Five opportunities to learn from PRD
Motivation to read Functions of print Alphabetic principle Language and metacognition Assessment to guide prevention and instruction

Five specific pedagogical practices from NRP


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The disciplinary knowledge base: Useable Knowledge about Language

Phonemic Awareness Word attack, Phonics Word meaning (vocabulary) Comprehension, Strategy use Fluency

Phonology Morphology Etymology Orthography Semantics Syntax Pragmatics Discourse Metacognition


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Students change: Preschool


Nature/role of Texts
mostly narrative

Language Comprehension
listening comprehension sense of narrative vocabulary

Word Recognition
phonological/phonemic awareness letter/sound recognition

Fluency not an issue


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Students change: Primary grades


Nature/role of Texts
still mostly narrative

Language comprehension
somewhat more complex/academic

Word Recognition
a major task requires both developed knowledge and control over processing

Fluency
requires practice with repeated readings, decodable and/or leveled texts depends on diminution of attention to the task
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Students change: 4th grade and after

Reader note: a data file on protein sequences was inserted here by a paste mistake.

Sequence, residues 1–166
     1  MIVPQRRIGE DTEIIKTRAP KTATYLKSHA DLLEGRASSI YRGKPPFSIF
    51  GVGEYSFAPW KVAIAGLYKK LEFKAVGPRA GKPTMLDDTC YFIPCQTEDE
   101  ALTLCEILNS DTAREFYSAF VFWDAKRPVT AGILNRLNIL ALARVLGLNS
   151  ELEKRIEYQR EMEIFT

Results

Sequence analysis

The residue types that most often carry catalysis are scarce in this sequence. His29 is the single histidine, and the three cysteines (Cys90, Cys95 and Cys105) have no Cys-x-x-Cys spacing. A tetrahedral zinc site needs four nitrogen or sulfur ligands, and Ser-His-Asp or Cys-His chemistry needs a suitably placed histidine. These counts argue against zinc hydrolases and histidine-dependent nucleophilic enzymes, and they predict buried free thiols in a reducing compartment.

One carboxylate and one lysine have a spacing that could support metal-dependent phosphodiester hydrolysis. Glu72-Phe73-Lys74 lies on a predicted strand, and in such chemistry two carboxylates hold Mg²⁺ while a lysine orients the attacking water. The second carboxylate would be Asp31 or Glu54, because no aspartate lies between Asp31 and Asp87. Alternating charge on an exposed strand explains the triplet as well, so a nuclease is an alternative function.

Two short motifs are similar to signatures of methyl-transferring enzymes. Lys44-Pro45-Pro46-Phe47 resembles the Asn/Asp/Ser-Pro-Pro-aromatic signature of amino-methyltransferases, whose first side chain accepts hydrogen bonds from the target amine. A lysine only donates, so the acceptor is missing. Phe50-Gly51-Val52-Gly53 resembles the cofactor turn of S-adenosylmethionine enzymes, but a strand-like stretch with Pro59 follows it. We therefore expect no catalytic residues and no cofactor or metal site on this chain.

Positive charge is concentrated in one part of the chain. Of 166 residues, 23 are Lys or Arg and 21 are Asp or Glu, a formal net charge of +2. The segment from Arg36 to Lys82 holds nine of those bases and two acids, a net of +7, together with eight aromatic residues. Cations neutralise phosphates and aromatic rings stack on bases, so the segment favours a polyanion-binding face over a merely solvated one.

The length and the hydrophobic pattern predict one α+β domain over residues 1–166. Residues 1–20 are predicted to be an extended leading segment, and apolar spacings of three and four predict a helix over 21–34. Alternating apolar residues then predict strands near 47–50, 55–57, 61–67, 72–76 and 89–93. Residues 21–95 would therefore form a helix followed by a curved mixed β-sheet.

Nature/role of Texts
reading subordinated to disciplines
math, science, literature, social studies most expository but even narratives read for analysis, not for plot

growing expertise in learning from text growing expertise in producing disciplinary texts

Language Comprehension
specialized vocabulary

Word Recognition
discipline-specific reading practices and instruction
specific genres specific tasks specialized vocabulary

Fluency

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Students change: one representation of developmental changes in the reading system

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Questions for discussion


What would disqualify someone from teaching first graders to read?
Beliefs that are inconsistent with good practice Absence of knowledge required

What would disqualify someone from teaching ELA or social studies in 4th-12th grades?
Beliefs that are inconsistent with good practice Enact Absence of knowledge required
Learn Assess

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Reflect

Knowledge Representation at Three Points on a Teachers Career


Reflective Reflective Expert Stable procedural Declarative Expert

Declarative / Situated

Situated

Stable procedural

Novice

Preservice

Situated

Declarative

Novice

Stable procedural Reflective

Expert

Master Teacher

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A model of professional growth in reading: Programs need to


Address teacher beliefs to foster openness to new ideas Develop expectations of and skills for continuous learning Ensure development of comprehensive and usable knowledge base Help teachers apply new knowledge to particular contexts and students Promote articulation among key components to promote personal efficacy and professional responsibility